Only three made it back to Britain. Another 50 were executed by firing squad on the orders of Adolf Hitler, who was furious after learning of the breach of security.   In all, 90 boards from bunk beds, 62 tables, 34 chairs and 76 benches, as well as thousands of items including knives, spoons, forks, towels and blankets, were squirreled away by the Allied prisoners to aid the escape plan under the noses of their captors.

Although the Hollywood movie suggested otherwise, NO Americans were involved in the operation.   Most were British, and the others were from Canada, (all the tunnelers were Canadian   personnel with backgrounds in mining) Poland, New Zealand, Australia, and South Africa.

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  The site of the tunnel, recently excavated by British archaeologists . The latest dig, over three weeks in August, located the entrance to Harry, which was originally concealed under a stove in Hut 104.

The team also found another tunnel, called George, whose exact position had not been charted. It was never used as the 2,000 prisoners were forced to march to other camps as the Red Army approached in January 1945 .

Watching the excavation was Gordie King, 91, an RAF radio operator, who was 140th in line to use Harry and therefore missed out. ‘This brings back such bitter-sweet memories,’ he said as he wiped away tears. ‘I’m amazed by what they’ve found. ’

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Bitter-sweet  memories: Gordie King, 91, made an emotional return to Stalag Luft III.

In a related post:

  Many of the recent generations have no true notion of the cost in lives and treasure that were paid for the liberties that we enjoy in this United States. They also have no idea in respect of the lengths that the “greatest generation” went to in order to preserve those liberties. Below is one true, small and entertaining story regarding those measures that are well worth reading, even if the only thing derived from the story is entertainment.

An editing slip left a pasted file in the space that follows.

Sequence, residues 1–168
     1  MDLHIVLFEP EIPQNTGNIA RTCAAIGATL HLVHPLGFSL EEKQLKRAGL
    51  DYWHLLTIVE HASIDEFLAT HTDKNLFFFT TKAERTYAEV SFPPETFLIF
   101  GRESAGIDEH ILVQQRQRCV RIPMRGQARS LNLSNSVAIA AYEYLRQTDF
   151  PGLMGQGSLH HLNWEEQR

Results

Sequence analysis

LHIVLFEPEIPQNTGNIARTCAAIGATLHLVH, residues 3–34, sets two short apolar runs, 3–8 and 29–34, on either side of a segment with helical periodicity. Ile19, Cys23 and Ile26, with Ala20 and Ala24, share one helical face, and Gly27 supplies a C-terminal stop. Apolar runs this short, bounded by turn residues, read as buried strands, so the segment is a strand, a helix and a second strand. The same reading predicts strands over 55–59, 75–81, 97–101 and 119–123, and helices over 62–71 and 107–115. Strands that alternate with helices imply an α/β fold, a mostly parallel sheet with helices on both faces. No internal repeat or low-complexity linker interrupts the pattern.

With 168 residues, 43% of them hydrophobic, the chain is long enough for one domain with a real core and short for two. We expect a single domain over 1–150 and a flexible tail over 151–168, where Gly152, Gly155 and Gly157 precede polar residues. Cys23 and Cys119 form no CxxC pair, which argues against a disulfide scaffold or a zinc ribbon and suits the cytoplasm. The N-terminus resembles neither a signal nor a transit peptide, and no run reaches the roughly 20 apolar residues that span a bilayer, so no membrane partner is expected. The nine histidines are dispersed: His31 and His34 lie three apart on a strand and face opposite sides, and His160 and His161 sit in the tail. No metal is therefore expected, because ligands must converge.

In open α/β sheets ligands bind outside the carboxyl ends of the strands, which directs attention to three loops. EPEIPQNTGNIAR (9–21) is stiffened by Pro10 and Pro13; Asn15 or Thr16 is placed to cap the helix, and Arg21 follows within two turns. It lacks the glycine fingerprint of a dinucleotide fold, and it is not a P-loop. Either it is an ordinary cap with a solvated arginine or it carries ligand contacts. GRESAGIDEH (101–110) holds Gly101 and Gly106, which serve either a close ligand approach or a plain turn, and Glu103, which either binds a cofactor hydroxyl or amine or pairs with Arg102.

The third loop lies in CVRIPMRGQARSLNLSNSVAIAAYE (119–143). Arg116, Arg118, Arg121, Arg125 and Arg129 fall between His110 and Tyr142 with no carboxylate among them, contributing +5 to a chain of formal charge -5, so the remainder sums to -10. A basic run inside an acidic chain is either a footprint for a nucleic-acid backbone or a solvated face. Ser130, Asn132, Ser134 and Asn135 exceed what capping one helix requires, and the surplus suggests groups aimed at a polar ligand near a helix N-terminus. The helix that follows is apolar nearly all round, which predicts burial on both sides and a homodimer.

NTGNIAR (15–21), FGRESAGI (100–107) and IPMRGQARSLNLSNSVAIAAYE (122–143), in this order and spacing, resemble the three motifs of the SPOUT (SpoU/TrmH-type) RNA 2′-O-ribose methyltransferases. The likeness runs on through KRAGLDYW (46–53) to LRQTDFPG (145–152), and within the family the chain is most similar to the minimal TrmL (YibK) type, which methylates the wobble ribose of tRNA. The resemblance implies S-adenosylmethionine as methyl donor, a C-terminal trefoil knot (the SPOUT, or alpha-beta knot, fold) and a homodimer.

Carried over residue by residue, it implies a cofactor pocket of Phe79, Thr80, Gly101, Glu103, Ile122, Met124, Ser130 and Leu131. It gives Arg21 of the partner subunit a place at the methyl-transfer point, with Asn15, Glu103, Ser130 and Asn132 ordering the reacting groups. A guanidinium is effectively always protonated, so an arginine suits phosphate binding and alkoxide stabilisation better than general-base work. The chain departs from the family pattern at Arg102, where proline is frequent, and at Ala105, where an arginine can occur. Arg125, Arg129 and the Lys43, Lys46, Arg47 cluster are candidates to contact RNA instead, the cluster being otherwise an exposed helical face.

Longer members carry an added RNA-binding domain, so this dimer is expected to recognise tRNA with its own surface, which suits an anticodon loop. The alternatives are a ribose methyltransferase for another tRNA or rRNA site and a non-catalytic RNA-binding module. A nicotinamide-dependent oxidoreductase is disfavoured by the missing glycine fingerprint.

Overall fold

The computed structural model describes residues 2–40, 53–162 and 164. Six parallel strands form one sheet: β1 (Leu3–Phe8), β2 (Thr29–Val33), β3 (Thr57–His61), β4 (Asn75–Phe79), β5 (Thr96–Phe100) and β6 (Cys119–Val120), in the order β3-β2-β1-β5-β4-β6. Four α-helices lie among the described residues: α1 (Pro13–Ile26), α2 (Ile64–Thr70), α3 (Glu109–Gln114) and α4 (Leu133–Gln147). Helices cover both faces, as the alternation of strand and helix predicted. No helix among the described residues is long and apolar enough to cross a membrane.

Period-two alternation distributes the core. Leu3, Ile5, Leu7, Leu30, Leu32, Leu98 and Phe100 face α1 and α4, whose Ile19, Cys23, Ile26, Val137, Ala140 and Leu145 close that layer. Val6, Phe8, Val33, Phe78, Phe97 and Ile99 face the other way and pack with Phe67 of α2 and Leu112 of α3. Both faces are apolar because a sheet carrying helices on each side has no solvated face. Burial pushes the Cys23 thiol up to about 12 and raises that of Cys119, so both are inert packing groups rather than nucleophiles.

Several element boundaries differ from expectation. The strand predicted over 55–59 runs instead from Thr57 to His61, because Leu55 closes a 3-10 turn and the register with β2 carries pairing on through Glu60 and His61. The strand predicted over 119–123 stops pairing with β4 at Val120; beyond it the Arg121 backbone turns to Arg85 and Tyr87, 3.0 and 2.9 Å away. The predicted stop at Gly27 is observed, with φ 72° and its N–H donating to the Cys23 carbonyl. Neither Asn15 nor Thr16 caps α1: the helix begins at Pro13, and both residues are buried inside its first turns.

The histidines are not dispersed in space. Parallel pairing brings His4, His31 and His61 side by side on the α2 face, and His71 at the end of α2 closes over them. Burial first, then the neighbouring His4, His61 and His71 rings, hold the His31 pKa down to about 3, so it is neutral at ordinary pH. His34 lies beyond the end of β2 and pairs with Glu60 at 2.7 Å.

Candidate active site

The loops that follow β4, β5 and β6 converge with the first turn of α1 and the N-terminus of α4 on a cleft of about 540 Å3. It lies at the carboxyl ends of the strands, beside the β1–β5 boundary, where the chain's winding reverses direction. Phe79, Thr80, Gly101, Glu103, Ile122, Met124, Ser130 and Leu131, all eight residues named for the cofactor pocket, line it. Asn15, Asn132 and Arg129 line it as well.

Escape from WWII POW Camps

Starting in 1940, an increasing number of British and Canadian Airmen found themselves as the involuntary guests of the Third Reich, and the Crown was casting about for ways and means to facilitate their escape..

Now obviously, one of the most helpful aids to that end is a useful and accurate map, one showing not only where stuff was, but also showing the locations of ‘safe houses’ where a POW on-the-lam could go for food and shelter.

  Paper maps had some real drawbacks — they make a lot of noise when you open and fold them, they wear out rapidly, and if they get wet, they turn into mush.

Someone in MI-5 (similar to America’s OSS) got the idea of printing escape maps on silk. It’s durable, can be scrunched-up into tiny wads and, unfolded as many times as needed and, makes no noise whatsoever.

  At that time, there was only one manufacturer in Great Britain that had perfected the technology of printing on silk, and that was John Waddington Ltd When approached by the government, the firm was only too happy to do its bit for the war effort.

By pure coincidence, Waddington was also the U.K. Licensee for the popular American board game Monopoly. As it happened, ‘games and pastimes’ was a category of item qualified for insertion into ‘CARE packages’, dispatched by the International Red Cross to prisoners of war.

  Under the strictest of secrecy, in a securely guarded and inaccessible old workshop on the grounds of Waddington’s, a group of sworn-to-secrecy employees began mass-producing escape maps, keyed to each region of Germany, Italy, and France or wherever Allied POW camps were located. When processed, these maps could be folded into such tiny dots that they would actually fit inside a Monopoly playing piece.

As long as they were at it, the clever workmen at Waddington’s also managed to add:

  1. A playing token, containing a small magnetic compass